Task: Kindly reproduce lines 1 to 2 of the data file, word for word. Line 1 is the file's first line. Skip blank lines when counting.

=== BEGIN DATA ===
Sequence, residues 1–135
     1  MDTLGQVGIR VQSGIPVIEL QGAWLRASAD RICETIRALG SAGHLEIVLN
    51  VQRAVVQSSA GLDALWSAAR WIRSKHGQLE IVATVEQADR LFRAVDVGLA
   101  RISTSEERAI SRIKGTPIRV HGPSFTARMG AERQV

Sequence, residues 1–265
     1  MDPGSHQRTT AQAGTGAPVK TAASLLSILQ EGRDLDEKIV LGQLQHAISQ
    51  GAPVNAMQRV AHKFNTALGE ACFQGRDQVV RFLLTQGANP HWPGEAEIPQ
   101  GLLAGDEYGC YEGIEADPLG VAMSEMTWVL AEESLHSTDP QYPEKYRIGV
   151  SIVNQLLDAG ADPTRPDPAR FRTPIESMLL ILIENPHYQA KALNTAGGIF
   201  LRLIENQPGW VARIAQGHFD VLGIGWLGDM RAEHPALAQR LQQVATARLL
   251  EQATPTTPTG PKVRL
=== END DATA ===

Sequence, residues 1–135
     1  MDTLGQVGIR VQSGIPVIEL QGAWLRASAD RICETIRALG SAGHLEIVLN